Wednesday, 27 August 2014

Sex and relationship education

LibDem policy to guarantee sex and relationship education for seven and up has been published to a muted fanfare and the usual prurient response. 

Broadly the idea is to ensure that from as young an age as possible, children in all schools including academies and free schools get good solid teaching about relationships and about sex as appropriate. Part of the aim is to prevent the kind of abuse that we have seen in Rotherham by enabling children to avoid getting into difficult situations. But it is about much more than that, the ability to make sensible decisions about relationships of all kinds and in all situations. Good schools do this already, but not all schools do, and good schools find the place for this kind of education squeezed by the legal requirement to do so much other stuff. Sex and relationship education is just as important, so reluctantly, as a liberal, I accept the need to put it on as firm a footing as other educational requirements. 

One of the reasons it is necessary is because British society in general and media in particular are hopeless at setting the right tone for children to make decent decisions for themselves. This is largely because the media and the chattering elements of all classes are obsessed with sex. Predictably, all the headlines on this initiative are about “sex education”, when the full title is “sex and relationship education”. Good schools, even good nurseries, start doing relationships at a really young age, teaching how to share, how not to hit, and good schools continue the process at age appropriate levels. They need to be encouraged to do so and to keep it central to the curriculum.

I think one small adjustment to the language we use might help to make debate more purposeful and rational. We should call it “relationship and sex education” rather than the other way round. The reason is that those who most need to consider it properly stop listening as soon as they hear the word “sex”, and assume that it must be about teaching five year olds what an erection is and which holes it can go in. If the phrase were the other way round, some people might start reacting more sensibly and understanding that relationship education is properly a part of what a school teaches, and that sex education is a part of that at the appropriate time.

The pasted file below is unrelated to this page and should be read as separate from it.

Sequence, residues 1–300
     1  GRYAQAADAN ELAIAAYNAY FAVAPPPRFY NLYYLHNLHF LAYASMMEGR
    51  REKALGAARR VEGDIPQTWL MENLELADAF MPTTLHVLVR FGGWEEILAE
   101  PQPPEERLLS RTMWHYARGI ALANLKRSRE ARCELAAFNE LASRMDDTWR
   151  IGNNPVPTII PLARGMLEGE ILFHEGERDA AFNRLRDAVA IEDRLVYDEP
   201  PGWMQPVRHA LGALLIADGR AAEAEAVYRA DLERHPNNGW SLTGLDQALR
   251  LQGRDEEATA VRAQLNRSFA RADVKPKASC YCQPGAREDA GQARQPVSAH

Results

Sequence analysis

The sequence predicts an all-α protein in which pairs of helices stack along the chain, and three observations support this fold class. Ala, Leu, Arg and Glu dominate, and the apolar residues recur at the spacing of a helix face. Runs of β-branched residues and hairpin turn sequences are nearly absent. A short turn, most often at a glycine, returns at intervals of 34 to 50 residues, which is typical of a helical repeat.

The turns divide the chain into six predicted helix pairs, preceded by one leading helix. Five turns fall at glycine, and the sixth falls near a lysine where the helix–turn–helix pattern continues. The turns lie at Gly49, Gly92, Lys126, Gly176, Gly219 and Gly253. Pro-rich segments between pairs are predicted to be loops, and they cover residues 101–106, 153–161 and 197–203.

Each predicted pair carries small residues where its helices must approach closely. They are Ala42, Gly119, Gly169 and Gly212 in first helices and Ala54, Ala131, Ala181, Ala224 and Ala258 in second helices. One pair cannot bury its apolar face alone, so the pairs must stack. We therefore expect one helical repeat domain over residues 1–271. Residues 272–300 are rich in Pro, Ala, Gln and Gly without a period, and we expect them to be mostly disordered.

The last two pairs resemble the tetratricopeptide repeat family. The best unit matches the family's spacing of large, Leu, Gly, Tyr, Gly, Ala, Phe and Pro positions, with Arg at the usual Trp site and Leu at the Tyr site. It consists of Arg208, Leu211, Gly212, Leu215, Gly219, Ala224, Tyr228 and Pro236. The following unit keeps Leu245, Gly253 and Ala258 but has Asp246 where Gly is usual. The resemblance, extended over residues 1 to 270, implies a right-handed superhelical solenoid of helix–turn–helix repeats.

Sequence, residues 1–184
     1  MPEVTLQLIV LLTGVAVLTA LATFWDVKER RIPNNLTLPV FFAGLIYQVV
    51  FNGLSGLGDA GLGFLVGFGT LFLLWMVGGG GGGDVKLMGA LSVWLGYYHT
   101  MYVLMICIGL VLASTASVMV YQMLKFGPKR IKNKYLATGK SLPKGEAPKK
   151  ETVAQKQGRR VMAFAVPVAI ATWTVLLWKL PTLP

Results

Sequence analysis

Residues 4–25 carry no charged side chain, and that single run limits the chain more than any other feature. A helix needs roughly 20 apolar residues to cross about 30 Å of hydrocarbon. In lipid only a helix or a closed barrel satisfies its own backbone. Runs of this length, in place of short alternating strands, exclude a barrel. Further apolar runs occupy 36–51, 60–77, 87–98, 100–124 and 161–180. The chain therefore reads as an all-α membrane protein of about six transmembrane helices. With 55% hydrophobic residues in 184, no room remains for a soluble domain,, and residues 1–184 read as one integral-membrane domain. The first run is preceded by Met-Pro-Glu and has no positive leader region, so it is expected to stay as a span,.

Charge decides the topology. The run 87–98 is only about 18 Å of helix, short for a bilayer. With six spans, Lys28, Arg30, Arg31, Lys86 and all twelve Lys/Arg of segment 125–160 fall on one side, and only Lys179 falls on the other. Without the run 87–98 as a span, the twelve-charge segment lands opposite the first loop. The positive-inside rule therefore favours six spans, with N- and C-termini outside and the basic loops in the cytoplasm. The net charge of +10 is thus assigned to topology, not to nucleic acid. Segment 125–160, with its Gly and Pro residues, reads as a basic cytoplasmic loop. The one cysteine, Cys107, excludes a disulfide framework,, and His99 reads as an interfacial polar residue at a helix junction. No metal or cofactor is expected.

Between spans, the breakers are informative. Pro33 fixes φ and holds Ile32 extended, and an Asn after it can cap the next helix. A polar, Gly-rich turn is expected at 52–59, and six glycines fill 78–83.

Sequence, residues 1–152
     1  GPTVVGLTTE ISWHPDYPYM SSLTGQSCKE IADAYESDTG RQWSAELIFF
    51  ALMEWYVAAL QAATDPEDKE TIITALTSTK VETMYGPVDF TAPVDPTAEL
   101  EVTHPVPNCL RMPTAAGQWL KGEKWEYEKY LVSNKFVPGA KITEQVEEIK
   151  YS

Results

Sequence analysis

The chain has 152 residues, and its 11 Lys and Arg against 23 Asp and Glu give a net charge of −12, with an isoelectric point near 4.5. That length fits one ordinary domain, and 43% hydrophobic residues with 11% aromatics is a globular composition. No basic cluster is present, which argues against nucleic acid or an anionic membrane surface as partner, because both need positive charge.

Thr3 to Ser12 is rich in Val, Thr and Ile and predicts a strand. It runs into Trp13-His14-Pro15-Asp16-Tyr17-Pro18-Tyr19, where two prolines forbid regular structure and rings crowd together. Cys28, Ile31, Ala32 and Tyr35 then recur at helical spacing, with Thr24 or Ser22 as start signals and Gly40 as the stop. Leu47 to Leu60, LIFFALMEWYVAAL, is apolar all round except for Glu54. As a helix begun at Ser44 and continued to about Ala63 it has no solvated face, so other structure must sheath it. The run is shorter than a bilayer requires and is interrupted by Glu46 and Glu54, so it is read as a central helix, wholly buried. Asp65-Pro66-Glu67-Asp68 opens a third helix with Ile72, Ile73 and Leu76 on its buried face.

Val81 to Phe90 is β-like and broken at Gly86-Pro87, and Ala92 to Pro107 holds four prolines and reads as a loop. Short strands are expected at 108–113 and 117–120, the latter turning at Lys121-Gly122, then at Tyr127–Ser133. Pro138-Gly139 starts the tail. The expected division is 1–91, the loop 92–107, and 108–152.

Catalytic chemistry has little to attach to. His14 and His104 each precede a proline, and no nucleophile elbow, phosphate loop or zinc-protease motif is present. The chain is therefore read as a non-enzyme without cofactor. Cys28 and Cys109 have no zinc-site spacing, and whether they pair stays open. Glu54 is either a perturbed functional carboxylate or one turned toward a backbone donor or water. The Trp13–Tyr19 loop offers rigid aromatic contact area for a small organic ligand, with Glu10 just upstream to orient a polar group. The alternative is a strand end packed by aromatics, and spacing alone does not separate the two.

Wednesday, 6 August 2014


I have too much stuff. I am trying to get rid of it. It's not about the space, which is lucky as I live with a squirrel. Two squirrels. And a third who was moved out but left their stuff behind. Space would be nice, but I'm reconciled to any space I empty being instantly filled by my squirrel relatives. It's more about living simply, and also more about what I acquire in the future than the possessions I have now. My motives are mixed. Partly they are a religious response to a society that judges people by their possessions, and partly they are an environmental response to the issue of sustainability. After three score years on this planet I'm slowly beginning to think all this through. And I'm going quite tentatively, as will be obvious to many people who, I am sure, have got much further than me.

I have reduced the amount of stuff I have by a considerable proportion. That is partly illusory as a lot of my downsizing has been the replacement of physical copies of books and music with electronic copies. Interesting questions arise as to whether e-books are more sustainable than paper ones...  (Apparently, they are, but I want to check exactly what is taken into account in the calculation.)

So I suppose it's partly about stuff and partly about my footprint. I could get rid of a lot of stuff, and I wouldn't miss it. But there is still stuff I would miss, much of which is darned expensive to keep going. My life has gone largely digital. I don't miss paper any more (and I really like the fact that I don't get a newspaper any more, ever). But I do want to be in touch and that involves the internet. That involves a massive capital structure of electricity generation, hardware development, mining and production of materials for manufacture, delivery of goods, even the launching of satellites into space so that I can get the signal I want, further development of the apps I use, development and agreement of protocols, construction of security systems, administration and management of the spaces I use. I could live very simply with just a mobile phone, but the scientific, industrial, economic and environmental impact behind that one device is massive.

The same in a way is true with food and drink. I could eat and drink only local produce, which would be fine for me, but a bit precious when it wouldn't work if we all did it, as there isn't enough food in the UK for all 60+ million of us. So, even if I use my local shop, I'm get supplied from a field worked by a tractor and a combine harvester, via a lorry, possibly a ship or a plane, another lorry, a distribution centre, with a  whole lot of refrigeration along the way, to another lorry that gets it to the shop I'm going to buy it from. Big footprint there. Or perhaps tyre track. And there are plenty of other examples, like drug development.

So I could change what I do a lot without having much impact on the economic and environmental structure of the world I live in. But in a way that is not the point. I'd like to find a way to consume less that would be possible not just for me but for everybody. I've no idea how far I'll manage that. But, I've started, so I'll see where I get to.